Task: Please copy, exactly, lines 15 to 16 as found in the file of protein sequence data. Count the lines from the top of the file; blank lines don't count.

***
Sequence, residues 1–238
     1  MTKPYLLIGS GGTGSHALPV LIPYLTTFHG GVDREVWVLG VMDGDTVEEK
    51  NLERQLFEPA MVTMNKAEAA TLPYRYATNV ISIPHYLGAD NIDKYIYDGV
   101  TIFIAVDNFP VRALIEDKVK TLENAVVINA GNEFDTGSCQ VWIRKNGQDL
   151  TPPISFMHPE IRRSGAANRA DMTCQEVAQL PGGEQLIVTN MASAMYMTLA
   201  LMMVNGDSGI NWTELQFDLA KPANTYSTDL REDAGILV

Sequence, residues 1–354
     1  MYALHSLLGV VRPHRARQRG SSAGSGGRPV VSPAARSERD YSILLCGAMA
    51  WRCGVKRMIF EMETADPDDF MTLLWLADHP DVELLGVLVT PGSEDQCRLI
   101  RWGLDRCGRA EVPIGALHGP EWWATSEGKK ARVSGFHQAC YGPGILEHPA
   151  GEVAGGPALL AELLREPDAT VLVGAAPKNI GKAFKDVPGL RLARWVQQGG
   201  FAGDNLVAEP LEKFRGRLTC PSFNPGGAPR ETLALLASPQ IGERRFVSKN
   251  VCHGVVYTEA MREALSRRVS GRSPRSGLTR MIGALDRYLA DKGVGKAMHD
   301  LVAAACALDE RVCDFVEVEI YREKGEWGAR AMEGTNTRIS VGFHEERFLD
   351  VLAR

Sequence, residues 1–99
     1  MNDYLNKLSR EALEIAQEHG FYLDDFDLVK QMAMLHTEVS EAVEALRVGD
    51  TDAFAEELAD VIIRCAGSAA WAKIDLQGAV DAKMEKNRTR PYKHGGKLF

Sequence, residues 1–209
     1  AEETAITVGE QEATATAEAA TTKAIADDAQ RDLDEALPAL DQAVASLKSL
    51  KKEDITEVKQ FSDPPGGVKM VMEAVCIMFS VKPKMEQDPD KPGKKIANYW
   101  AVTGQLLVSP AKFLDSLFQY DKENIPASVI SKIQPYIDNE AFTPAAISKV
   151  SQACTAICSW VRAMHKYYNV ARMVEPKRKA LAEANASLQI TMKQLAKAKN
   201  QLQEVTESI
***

   351  VLAR

Sequence, residues 1–99